Try Your Hand At This Ridiculously Addictive Geometry Game [UPDATED]

"Euclid: The Game" is, as its name suggests, a game inspired by the constructive principles of Euclidean Geometry. It is also, as its name might not suggest, highly addictive, even for non-mathy types.

The game, which you can play here, was created with java in the open-source geometry package GeoGebra by Kasper Peulen. (Update: Peulen has stopped by in the comments to field questions about his game.) Its premise is simple: Players are presented a geometric puzzle in the form of a task. The first level, for example, asks the player to construct an equilateral triangle from the line segment AB:

Try Your Hand At This Ridiculously Addictive Geometry Game [UPDATED]

To achieve this initial task, the player is provided a virtual compass (for drawing circles) and ruler (for generating line segments and rays). The successful completion of this and future tasks unlocks new geometric principles that can be used to solve later puzzles. In this way, the player's toolset grows as she progresses through the game's 20 levels, building upon itself in a manner reminiscent of Euclid's own deductive methods.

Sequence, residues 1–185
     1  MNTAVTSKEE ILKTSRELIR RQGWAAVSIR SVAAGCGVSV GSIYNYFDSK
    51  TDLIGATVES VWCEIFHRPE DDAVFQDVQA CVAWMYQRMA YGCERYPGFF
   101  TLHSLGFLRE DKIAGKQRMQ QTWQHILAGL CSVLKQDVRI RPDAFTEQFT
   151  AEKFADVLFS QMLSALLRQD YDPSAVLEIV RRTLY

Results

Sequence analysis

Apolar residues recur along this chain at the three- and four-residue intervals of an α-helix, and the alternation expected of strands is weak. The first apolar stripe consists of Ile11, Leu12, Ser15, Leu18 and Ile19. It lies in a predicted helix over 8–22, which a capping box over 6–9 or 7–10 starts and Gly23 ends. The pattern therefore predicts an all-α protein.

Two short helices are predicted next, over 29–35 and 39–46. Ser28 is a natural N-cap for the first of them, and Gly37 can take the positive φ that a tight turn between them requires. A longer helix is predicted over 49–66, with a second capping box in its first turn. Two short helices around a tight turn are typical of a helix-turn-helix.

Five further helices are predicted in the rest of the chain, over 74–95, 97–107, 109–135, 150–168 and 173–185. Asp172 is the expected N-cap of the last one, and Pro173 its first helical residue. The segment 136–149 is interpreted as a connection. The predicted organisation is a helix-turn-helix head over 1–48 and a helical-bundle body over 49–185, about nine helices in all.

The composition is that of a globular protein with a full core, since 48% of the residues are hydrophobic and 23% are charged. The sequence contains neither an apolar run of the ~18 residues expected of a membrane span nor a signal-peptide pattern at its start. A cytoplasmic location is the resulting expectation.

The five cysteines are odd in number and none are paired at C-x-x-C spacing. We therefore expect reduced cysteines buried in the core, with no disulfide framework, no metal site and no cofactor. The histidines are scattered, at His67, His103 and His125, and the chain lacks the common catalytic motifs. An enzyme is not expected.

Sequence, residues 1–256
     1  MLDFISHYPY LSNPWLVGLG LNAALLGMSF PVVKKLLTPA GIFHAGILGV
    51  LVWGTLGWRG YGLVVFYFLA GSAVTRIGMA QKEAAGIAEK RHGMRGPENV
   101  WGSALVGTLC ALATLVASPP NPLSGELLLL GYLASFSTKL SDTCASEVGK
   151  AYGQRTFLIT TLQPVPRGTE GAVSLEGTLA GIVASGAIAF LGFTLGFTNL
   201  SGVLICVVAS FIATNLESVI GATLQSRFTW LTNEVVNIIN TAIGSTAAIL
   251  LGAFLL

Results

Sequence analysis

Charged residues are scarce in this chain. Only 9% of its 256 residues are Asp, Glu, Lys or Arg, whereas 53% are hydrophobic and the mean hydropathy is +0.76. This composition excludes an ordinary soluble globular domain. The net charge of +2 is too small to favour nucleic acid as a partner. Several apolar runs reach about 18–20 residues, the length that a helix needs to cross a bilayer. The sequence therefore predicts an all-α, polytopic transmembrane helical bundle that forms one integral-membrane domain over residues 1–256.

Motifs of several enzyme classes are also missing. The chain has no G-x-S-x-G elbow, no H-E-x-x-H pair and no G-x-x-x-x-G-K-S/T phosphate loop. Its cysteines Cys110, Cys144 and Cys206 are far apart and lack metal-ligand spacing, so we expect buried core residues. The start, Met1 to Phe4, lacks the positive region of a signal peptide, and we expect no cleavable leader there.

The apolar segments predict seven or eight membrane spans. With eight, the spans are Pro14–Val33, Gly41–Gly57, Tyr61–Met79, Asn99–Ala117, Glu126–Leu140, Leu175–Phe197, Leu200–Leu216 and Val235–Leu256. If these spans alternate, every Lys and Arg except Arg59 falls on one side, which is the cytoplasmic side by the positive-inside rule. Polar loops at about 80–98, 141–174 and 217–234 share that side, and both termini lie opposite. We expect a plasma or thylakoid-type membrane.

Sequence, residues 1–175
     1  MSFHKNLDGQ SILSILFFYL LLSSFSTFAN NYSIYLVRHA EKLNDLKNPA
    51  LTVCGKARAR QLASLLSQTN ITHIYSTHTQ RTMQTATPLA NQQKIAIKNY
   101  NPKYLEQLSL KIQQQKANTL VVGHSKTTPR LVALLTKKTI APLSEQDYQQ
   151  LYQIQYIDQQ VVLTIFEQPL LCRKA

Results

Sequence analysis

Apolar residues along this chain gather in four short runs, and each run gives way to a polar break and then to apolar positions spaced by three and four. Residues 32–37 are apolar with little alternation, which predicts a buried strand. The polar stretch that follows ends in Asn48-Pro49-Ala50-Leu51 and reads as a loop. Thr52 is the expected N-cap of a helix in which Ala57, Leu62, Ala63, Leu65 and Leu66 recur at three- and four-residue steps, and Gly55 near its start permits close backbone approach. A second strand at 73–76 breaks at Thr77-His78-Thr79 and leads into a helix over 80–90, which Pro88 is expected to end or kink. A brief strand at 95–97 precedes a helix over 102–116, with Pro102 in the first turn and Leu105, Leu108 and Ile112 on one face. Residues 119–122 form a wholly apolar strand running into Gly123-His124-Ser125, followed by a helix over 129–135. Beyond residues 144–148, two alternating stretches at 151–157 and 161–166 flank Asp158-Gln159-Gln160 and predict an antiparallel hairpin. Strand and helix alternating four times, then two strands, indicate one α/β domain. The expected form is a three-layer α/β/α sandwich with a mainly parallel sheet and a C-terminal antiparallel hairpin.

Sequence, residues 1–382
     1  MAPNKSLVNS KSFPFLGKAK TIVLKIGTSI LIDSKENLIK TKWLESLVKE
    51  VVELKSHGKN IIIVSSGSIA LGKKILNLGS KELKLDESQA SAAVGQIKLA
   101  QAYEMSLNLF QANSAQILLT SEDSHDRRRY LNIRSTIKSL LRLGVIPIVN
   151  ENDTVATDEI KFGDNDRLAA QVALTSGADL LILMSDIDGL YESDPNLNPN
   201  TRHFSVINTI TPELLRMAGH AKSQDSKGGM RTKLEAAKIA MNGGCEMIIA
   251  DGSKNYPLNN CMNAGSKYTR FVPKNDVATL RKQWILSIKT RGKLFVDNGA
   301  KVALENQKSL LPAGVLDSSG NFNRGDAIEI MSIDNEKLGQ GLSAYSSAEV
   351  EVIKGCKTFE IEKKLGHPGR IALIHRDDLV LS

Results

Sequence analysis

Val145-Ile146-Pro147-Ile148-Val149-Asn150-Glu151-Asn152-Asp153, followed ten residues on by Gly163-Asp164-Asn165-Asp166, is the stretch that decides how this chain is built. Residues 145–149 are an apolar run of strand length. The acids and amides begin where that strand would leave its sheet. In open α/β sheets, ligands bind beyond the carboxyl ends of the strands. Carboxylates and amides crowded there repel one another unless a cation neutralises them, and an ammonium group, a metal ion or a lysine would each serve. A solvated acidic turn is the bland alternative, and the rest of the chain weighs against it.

Try Your Hand At This Ridiculously Addictive Geometry Game [UPDATED]

You don't need to be a math whiz to enjoy the game. It requires a basic familiarity with geometric shapes, but most concepts (What is an equilateral triangle?, What does "bisect" mean?, etc.) are explained as they are introduced. A familiarity with Euclid's constructive proofs, as presented in his mathematical treatise, Elements, will certainly make things easier, but is by no means necessary. The solution to the game's first level, for example, is based on the proof on the left, which appears in Elements. The intersection of two circles with radii equal to the length of a given line segment, and centered on either end of that segment, can serve as the third vertex of an equilateral triangle that includes the segment as one of its sides.

The puzzles build from there. All-in-all, it's one of the more educational time-sucks we've encountered in some time.

H/t Jesse Galef